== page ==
There’s been much written about the musical exploits of the early 70’s Cleveland, Ohio band known as electric eels (yes, lower case as per lead vocalist Dave E’s intention) over the years, some of it true even. The band deservedly looms very large in under-the-counterculture sound circles and I strongly encourage anyone reading this to seek out their music, read about their exploits in a pre-punk world if you haven’t already done so. The liner notes to the 3×10” vinyl offering on Scat Records “Those Were Different Times” are a great place to start, w/ plenty of other stuff out there to read as well. One could even be justified in calling them the very first ‘punk’ band, whatever that means- if nothing else they remain to this day one of the most intense sounding and unique. After all of these years, it very much still is artastic.

In honor of his inclusion in the Violet Times curated art show, Foggy Notion, I decided it would be a good time to find out about some of band leader John Morton’s other little-known doings over the years, specifically his visual art and other music he’s done post- eels.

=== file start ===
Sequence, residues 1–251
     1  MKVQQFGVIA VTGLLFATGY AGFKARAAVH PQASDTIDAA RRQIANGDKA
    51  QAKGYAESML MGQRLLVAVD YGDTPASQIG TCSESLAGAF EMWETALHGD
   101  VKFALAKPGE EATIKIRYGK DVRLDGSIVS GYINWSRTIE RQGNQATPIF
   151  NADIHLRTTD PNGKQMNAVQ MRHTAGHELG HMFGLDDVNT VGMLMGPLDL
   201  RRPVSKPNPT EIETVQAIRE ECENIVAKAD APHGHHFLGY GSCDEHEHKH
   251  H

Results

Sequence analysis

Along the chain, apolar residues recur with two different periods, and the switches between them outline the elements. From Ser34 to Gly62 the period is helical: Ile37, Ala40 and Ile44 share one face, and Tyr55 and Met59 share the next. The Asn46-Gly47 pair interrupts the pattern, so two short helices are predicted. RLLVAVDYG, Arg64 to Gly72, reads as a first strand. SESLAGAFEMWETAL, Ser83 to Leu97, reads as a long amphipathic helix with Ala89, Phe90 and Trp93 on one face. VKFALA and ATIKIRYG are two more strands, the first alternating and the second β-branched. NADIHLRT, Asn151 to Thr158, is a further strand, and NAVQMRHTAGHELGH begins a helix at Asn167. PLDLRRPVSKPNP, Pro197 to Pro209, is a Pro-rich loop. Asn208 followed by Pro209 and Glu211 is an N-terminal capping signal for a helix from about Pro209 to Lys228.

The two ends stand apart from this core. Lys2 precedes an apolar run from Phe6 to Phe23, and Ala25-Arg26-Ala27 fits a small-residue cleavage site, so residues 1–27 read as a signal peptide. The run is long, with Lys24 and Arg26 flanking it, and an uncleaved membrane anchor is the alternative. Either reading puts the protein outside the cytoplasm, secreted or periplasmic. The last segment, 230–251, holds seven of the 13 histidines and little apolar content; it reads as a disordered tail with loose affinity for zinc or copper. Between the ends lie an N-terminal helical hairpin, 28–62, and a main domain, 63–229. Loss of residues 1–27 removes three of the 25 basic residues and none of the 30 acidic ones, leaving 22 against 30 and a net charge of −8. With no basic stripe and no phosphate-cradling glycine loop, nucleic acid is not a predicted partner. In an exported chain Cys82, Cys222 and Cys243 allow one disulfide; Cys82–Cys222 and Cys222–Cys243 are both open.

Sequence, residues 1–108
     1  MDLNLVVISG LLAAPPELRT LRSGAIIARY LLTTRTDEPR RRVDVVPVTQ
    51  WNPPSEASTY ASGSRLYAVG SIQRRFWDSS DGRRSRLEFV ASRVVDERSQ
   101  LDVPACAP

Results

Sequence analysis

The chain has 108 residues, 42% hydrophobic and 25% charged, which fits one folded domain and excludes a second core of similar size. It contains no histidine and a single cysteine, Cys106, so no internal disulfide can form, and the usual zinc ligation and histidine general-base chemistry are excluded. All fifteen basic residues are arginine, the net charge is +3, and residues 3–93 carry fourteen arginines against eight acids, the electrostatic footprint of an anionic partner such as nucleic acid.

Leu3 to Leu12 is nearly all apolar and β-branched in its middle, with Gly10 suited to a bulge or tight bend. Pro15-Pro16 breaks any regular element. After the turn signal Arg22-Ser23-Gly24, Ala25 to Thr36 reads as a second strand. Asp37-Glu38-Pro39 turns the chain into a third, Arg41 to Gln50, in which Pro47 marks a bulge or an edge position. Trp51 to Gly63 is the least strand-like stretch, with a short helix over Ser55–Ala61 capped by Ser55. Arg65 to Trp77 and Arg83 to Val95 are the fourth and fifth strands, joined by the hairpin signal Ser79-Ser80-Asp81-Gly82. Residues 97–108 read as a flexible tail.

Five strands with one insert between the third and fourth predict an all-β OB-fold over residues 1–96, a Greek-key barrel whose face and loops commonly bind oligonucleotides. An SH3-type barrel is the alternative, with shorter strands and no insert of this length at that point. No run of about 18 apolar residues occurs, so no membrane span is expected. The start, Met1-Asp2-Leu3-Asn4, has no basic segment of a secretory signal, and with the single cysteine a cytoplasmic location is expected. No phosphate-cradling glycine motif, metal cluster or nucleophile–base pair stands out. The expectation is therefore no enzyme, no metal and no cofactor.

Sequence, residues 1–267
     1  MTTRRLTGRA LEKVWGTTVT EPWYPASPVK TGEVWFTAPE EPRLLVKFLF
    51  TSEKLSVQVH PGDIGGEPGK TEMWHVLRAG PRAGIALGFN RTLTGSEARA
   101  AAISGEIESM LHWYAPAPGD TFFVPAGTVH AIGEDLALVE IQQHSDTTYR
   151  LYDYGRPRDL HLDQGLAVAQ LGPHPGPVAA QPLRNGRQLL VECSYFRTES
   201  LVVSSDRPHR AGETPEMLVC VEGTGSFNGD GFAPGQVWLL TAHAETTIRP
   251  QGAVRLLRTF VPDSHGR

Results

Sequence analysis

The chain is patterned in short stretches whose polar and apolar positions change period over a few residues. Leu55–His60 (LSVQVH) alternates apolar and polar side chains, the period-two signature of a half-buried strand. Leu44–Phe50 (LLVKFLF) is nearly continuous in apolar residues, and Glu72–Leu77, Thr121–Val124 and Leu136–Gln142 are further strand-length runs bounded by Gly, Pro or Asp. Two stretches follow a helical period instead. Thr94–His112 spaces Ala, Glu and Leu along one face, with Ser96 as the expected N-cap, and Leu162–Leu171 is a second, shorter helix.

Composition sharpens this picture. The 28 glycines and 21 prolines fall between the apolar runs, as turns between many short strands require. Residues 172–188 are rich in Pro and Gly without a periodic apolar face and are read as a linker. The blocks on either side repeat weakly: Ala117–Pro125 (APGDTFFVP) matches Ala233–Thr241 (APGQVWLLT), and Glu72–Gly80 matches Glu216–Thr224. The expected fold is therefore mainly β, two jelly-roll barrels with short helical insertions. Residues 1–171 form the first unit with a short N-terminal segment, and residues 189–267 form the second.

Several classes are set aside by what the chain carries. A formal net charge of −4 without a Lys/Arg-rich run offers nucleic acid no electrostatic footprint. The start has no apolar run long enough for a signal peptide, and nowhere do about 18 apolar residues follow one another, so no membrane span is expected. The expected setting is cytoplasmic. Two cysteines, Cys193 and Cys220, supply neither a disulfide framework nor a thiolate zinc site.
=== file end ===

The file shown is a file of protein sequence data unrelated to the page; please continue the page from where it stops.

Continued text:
MRR: I’ve been told that only about 100 people total ever saw electric eels, would you agree and care to elaborate on their reaction/s, if any? Especially at the two Columbus, Ohio shows, pre- Extermination Night, where the other performers Mirrors & Rocket From The Tombs would at least be of a non-mainstream music making mindset, also making their own music of a sort not yet known or accepted by the mass ear. What about the non-members of those bands, just ‘regular’ audience members- who the heck were they, why’d they show up and what’d they think? (not presuming you know why they were there, etc. but just saying)